We implemented a prototype SVSDS as a pseudo-device driver in Linux kernel 2.6.15 that stacks on top of an existing disk block driver. Figure 5 shows the pseudo device driver implementation of SVSDS. SVSDS has lines of kernel code out of which were reused from an existing TSD prototype. The SVSDS layer receives all block requests from the file system, and re-maps and redirects the common read and write requests to the lower-level device driver. The additional primitives required for operations such as block allocation and pointer management are implemented as driver ioctls.
In the current implementation we maintain all hash tables (V-TABLE, T-TABLE, P-TABLE, and D-TABLE) as in-memory data structures. As these hash tables only have small space requirements, they can be persistently stored in a portion of the NVRAM inside the disk. This helps SVSDS to avoid disk I/O for reading these tables.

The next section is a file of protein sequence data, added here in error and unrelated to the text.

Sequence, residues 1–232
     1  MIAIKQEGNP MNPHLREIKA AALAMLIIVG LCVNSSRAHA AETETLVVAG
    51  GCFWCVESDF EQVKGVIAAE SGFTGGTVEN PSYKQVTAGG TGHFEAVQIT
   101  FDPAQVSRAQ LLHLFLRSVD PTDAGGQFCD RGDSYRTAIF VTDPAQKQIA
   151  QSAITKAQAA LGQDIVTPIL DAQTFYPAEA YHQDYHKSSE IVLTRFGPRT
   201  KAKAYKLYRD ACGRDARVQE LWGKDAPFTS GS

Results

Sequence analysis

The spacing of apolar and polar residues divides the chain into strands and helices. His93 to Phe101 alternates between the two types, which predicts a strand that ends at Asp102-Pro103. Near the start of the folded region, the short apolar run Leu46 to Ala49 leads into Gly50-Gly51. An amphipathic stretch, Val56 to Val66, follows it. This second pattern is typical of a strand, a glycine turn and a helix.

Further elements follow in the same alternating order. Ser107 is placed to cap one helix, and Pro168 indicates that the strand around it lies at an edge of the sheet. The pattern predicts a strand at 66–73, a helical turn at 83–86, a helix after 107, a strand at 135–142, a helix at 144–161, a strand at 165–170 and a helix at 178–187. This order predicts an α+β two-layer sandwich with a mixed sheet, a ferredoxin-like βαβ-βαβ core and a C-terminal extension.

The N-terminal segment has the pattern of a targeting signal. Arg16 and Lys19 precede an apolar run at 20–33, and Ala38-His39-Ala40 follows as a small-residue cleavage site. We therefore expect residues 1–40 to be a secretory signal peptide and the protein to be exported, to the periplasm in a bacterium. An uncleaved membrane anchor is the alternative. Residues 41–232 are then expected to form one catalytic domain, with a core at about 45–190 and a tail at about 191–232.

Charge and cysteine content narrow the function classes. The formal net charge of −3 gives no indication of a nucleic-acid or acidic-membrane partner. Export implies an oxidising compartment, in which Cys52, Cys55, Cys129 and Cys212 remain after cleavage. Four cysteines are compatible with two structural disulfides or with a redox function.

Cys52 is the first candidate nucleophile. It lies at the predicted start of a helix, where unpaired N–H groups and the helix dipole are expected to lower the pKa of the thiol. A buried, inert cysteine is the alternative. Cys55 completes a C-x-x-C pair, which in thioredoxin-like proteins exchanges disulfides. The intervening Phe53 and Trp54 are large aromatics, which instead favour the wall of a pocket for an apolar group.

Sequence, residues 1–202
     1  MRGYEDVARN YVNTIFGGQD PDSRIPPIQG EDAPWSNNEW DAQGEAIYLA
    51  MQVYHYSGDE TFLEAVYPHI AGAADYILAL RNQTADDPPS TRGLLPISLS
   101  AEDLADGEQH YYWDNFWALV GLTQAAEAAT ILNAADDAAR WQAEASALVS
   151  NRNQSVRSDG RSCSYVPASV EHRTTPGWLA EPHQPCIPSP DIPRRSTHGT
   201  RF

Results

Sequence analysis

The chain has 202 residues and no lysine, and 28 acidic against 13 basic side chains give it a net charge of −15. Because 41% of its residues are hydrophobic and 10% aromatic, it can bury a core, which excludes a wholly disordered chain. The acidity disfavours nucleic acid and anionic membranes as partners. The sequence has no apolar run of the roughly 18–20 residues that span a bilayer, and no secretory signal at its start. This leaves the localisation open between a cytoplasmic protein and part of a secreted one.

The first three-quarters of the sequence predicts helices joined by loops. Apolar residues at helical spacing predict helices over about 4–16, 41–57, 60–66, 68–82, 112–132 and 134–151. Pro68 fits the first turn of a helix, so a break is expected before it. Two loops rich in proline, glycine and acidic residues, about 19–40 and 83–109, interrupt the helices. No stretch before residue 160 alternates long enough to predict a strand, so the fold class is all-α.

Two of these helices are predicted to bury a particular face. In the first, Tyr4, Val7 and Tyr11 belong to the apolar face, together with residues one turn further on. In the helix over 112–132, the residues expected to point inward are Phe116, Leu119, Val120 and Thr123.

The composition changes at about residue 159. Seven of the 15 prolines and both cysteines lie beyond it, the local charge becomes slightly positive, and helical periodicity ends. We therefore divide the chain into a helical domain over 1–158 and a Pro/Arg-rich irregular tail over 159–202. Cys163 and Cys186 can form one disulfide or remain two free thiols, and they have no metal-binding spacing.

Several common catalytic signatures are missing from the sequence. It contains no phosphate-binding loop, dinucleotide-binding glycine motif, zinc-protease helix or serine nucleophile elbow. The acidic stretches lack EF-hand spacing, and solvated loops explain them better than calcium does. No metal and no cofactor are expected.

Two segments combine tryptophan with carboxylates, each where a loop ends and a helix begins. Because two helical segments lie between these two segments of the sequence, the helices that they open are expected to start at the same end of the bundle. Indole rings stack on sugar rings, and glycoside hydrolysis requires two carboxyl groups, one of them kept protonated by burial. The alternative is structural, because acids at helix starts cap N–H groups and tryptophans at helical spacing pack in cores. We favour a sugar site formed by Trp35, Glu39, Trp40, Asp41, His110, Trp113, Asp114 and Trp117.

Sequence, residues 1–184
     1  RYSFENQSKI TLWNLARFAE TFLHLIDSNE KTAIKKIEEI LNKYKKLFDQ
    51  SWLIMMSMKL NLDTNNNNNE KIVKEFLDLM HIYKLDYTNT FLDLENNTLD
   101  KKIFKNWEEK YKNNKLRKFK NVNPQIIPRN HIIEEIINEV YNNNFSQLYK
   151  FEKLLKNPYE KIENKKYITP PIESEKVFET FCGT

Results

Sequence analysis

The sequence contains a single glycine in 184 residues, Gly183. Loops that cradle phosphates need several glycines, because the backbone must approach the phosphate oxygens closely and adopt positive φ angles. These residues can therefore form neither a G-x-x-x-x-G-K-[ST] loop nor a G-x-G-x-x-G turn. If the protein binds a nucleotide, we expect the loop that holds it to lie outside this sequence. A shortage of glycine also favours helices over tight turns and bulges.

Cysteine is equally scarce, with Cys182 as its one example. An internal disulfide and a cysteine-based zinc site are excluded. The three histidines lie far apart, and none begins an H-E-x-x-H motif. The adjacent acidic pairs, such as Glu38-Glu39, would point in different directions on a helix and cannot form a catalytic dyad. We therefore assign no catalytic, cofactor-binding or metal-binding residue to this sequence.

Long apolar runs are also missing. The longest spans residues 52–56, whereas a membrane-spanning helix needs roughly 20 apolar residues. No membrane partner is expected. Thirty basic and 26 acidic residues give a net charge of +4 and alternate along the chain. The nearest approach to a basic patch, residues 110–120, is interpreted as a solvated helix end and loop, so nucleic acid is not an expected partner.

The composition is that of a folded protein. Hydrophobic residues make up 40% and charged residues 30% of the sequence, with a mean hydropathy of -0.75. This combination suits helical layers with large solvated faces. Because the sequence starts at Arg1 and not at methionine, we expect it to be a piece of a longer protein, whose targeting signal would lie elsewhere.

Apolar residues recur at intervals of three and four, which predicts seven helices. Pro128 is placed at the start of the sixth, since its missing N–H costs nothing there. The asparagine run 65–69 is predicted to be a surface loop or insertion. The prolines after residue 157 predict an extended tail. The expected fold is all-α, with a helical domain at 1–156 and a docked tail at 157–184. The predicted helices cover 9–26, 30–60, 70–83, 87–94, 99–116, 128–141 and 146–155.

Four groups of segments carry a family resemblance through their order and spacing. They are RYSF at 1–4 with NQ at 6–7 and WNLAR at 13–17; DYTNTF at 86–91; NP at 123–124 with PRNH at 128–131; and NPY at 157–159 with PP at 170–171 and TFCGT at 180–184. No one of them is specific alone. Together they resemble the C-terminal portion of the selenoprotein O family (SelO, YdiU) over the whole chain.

The read and write requests from file systems reach SVSDS through the Block IO (BIO) layer in the Linux kernel. The BIO layer issues I/O requests with the destination block number, callback function (BI_END_IO), and the buffers for data transfer, embedded inside the BIO data structure. To redirect the block requests from SVSDS to the underlying disk, we add a new data structure (BACKUP_BIO_DATA). This structure stores the destination block number, BI_END_IO, and BI_PRIVATE of the BIO data structure. The BI_PRIVATE field is used by the owner of the BIO request to store private information. As I/O request are by default asynchronous in the Linux kernel, we stored the original contents of the BIO data structures by replacing the value stored inside BI_PRIVATE to point to our BACKUP_BIO_DATA data structure. When I/O requests reach SVSDS, we replace the destination block number, BI_END_IO, and BI_PRIVATE in the BIO data structure with the mapped physical block from the T-TABLE, our callback function (SVSDS_END_IO), and the BACKUP_BIO_DATA respectively. Once the I/O request is completed, the control reaches our SVSDS_END_IO function. In this function, we restore back the original block number and BI_PRIVATE information from the BACKUP_BIO_DATA data structure. We then call the BI_END_IO function stored in the BACKUP_BIO_DATA data structure, to notify the BIO layer that the I/O request is now complete.